Fractional Decimal Metric Chart

Fractional Decimal Metric Chart

Printing it out

Having your printer ‘scale to fit’ your Letter or A4 paper shouldn’t matter, but the numbers are 9 pt font size, so too much reduction will make it hard to read, whereas a larger scaled print might be great for your studio/shop wall.  I keep it under my keyboard.

Using the Conversion chart


Rows contain equivalent measurements; 1/64th = .015625 = 0.4m
Columns are the systems:  Fractional English, Decimal English and Metric.

  1. Start with your system at top: Eng, 16ths, 32nds, 64ths, Dec. Inch, Millimeters
  2. drop down to your starting  dimension
  3. read left/right for equivalents and up/down for close measurements (smaller, larger.)


  • The chart is English-centric, millimeters are rounded to the tenth.  In my work 1/10th of a millimeter ain’t much. I’ll post a mm-centric version if asked.
  • I removed denominators to make the chart smaller, and to visually clarify relationships between adjacent numbers, this may take some getting used to.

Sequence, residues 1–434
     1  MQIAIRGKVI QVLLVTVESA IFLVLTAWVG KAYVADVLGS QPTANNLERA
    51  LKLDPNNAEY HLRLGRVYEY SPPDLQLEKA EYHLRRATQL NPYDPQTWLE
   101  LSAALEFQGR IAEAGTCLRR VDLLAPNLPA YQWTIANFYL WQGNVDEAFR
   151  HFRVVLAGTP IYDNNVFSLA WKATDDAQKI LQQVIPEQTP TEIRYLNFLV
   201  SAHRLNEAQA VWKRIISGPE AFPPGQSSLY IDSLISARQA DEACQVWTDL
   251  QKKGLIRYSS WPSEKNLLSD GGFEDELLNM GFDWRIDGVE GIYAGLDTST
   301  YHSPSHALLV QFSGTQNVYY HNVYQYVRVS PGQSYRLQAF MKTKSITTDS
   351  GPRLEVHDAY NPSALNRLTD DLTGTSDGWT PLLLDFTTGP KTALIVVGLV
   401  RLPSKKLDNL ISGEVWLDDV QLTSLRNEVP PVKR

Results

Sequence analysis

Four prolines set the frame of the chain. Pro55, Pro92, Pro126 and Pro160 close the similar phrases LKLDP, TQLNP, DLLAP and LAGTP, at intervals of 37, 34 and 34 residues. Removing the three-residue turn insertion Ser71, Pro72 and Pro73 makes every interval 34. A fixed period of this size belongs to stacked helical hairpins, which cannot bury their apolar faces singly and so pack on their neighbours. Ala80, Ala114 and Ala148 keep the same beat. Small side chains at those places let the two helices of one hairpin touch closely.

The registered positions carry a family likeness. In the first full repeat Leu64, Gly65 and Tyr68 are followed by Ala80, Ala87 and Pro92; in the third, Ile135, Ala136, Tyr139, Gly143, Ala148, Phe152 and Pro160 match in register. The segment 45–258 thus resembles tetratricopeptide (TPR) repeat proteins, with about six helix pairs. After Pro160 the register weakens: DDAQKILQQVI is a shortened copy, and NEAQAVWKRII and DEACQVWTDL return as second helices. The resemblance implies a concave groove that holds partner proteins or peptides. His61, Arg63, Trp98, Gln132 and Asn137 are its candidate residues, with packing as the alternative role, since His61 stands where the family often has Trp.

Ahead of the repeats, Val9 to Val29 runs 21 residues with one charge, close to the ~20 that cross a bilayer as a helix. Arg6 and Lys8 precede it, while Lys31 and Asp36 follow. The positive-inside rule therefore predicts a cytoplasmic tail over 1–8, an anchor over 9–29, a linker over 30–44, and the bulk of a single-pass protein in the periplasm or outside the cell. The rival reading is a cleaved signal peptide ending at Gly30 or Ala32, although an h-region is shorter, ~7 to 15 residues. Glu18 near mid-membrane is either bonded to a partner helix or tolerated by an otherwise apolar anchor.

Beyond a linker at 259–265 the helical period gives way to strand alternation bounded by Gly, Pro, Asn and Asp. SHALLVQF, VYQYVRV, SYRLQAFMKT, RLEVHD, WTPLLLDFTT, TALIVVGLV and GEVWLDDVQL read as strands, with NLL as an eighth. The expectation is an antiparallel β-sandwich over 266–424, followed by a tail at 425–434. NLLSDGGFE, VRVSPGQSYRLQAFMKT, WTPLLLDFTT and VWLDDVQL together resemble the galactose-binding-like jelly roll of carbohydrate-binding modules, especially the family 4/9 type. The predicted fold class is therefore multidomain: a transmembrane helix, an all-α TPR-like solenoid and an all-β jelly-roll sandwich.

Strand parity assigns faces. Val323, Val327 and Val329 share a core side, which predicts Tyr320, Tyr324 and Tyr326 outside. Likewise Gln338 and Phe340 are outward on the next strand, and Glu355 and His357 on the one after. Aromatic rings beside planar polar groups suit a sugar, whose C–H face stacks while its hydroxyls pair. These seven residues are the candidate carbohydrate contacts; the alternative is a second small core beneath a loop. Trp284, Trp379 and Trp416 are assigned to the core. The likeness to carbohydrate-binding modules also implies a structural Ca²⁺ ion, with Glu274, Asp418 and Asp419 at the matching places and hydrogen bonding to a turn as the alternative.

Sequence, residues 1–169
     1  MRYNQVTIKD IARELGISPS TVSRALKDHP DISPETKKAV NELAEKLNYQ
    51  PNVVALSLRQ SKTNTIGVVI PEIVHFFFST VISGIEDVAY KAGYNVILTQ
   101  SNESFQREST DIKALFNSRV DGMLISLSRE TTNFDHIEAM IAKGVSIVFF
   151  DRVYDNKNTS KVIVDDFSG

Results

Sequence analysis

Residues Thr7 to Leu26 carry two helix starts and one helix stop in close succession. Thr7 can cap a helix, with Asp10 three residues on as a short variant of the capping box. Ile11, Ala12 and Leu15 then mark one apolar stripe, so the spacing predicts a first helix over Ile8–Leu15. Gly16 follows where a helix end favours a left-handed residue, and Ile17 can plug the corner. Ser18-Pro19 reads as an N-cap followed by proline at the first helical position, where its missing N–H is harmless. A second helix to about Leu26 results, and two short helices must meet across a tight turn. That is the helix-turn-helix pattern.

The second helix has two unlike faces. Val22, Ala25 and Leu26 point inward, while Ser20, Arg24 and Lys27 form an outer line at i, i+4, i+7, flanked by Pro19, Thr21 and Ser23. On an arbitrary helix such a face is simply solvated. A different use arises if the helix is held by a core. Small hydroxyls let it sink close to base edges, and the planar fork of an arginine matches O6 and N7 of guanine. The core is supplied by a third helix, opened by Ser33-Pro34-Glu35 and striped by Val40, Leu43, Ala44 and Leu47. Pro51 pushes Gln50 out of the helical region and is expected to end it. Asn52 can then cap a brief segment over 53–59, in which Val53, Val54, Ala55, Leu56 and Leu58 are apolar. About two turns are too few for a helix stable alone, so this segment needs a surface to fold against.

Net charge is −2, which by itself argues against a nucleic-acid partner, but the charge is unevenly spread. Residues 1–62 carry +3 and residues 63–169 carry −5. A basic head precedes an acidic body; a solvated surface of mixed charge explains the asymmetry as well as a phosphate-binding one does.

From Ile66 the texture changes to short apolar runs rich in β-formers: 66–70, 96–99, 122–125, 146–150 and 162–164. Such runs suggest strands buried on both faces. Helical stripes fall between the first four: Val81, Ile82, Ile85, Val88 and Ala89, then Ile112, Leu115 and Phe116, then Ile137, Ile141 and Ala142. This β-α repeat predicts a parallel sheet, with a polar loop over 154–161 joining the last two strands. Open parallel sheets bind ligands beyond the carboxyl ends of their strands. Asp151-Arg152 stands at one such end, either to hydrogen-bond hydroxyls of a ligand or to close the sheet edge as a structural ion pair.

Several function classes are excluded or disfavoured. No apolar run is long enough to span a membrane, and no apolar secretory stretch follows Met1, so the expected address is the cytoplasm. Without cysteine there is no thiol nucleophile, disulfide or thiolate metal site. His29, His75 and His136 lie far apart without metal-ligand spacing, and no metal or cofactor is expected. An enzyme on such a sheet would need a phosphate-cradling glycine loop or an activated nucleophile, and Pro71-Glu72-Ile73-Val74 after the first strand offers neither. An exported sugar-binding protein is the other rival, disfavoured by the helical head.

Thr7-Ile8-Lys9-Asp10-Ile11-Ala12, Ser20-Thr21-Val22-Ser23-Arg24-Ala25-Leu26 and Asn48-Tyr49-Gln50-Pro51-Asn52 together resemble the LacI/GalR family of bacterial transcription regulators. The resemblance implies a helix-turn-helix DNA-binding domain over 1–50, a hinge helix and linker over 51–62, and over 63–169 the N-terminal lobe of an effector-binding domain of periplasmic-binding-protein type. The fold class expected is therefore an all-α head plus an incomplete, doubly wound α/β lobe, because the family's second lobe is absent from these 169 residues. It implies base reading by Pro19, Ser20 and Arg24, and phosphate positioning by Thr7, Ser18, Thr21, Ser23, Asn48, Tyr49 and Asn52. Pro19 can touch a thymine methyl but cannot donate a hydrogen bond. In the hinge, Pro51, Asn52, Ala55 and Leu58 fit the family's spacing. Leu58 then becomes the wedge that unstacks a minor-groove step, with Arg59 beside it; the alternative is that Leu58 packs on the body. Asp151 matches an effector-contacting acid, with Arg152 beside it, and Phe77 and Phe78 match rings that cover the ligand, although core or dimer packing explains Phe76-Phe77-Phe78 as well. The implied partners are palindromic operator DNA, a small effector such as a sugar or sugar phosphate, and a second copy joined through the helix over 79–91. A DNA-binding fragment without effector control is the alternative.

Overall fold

• To convert a dimension read left or right of your given number in the same row. 3/16” –> .1875”  –> 4.8mm

Workshop Examples:


A. Can I drill for a 6mm-fine screw tap with only my English drill set?
A 5mm drill is needed for optimal thread pentration.

  • 3/16″ might go, with careful tapping.
  • 13/64″ could work, but would be loose (poor thread pentration.)

B. Need the closest English dado to 18mm plywood

  • .703125″ … would be press-fit, may not go, unless ply is undersized.
  • 23/32″ could be great for glueline & assembly

C. How much bigger or smaller are the adjacent 64ths to 3/32 ?

  • 5/64 is .078 or 20% smaller (with calculator)
  • 7/64 is .109 or  16% larger (with calculator)